Most Hungarians have an uncritical faith in the fact that pálinka is a general remedy for all pain and sorrow. The habit of starting the day with a shot of pálinka, which startles most foreigners, is expressed in the language by the humorous wish of ’PÁLINKÁS JÓ REGGELT!’. The tradition goes back to the times when peasants doing hard work in the field had a shot as an appetizer. The reflection of this is the word ARATÓ PÁLINKA, the ‘pálinka for harvest’, in its ideal strength a brandy of 53% alcohol content.

If you visit a home (especially in the country) be prepared to be greeted by a shot, very often the host’s own distillate. The way drink it can be quite ceremonial, first smelling it, then a sip and then knocking back the whole shot. Never miss to praise it by saying FINOM, REMEK or ten more synonyms of delicious. Foreigners often complain about Hungarians being pushy about offering more but it’s just a cultural trap – the host is expected to offer more if he/she sees you like it. If you don’t want more, say simply phrases of excuse like, Köszönöm, nem (mind the word order!), talán később (perhaps later), et cetera.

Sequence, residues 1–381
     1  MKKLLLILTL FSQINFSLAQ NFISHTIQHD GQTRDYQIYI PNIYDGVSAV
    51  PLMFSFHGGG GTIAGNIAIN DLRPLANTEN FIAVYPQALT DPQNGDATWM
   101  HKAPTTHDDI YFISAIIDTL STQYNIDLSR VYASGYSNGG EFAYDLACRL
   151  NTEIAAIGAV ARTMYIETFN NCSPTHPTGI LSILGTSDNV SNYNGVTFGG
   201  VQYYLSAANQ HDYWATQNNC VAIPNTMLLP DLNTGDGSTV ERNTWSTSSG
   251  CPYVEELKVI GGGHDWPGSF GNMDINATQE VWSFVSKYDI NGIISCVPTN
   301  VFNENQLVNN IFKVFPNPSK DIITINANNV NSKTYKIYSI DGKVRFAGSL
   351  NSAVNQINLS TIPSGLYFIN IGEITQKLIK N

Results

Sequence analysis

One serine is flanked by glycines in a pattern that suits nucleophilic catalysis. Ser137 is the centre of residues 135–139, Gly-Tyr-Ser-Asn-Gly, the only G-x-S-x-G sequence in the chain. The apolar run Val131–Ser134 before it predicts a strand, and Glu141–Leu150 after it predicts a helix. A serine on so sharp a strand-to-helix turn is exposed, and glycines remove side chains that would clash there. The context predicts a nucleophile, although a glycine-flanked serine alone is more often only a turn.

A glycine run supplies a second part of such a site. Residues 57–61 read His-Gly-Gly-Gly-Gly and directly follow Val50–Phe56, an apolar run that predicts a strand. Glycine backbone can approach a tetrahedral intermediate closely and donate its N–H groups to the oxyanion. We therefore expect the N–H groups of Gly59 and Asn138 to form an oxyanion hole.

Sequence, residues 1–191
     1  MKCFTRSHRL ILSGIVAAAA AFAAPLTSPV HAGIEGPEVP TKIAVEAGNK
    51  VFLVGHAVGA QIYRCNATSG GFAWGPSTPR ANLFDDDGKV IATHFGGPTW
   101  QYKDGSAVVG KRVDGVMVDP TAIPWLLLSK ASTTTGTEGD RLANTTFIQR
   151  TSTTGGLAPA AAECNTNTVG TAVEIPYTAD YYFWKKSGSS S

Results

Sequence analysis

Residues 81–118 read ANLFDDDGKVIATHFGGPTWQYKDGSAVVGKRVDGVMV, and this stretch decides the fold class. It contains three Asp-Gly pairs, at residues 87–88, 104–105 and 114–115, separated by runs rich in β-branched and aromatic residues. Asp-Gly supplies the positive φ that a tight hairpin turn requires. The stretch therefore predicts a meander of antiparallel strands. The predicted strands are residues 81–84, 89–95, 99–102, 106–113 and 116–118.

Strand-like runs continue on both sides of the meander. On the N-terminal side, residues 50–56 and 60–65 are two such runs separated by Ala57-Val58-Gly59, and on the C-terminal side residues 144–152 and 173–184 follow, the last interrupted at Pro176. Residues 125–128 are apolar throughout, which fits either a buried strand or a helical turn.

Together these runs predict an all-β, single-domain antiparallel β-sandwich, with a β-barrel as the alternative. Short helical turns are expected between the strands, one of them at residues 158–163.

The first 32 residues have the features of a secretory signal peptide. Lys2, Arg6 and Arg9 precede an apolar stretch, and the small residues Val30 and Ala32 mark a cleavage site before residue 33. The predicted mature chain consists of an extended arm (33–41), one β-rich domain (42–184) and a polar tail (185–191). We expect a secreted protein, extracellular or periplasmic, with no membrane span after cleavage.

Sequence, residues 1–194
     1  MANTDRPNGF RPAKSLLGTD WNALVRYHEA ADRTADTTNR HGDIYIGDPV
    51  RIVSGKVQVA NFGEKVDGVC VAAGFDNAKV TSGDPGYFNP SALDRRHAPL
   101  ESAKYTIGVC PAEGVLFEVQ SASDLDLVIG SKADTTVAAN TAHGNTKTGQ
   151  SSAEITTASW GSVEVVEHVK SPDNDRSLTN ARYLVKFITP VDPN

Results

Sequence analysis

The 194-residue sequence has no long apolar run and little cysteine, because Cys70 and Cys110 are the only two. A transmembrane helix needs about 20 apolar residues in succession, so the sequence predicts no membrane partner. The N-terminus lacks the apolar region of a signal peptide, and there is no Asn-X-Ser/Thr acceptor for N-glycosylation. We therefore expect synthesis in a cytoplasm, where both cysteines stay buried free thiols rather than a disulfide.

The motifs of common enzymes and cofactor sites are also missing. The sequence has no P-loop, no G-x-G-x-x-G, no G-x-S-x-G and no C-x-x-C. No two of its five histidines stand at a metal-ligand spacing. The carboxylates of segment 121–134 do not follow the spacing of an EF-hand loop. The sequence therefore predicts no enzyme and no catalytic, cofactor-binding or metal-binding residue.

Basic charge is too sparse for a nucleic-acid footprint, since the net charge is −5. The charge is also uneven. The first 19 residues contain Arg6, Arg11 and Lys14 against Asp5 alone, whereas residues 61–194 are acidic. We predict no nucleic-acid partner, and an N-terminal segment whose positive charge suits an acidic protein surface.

Pálinka has a special status since it’s the #1 Hungarikum (a unique Hungarian product or cultural artefact) and protected by law. Only fruit spirits (the most common ones are plums, apricots, pears, apples and sour-cherries) distilled and bottled in Hungary can be called pálinka. Back in the 1990s there was even a legal dispute between Romania and Hungary about the use of name since the drink is also considered a Romanian product under the name pălincă. According to legend the winning argument in favour of Hungary was the Romanian etymological dictionary which defined pălincă as ’fruit distillate of Hungarian origin’. Actually, the Hungarian version is a loan word from the Slovak ’palenka’ which is derived from the verb palit’ meaning ’to burn’.

Since the probe of the pudding is tasting, don’t miss this year’s Pálinka and Sausage Festival in Budapest between 2 and 4 October, judge for yourself.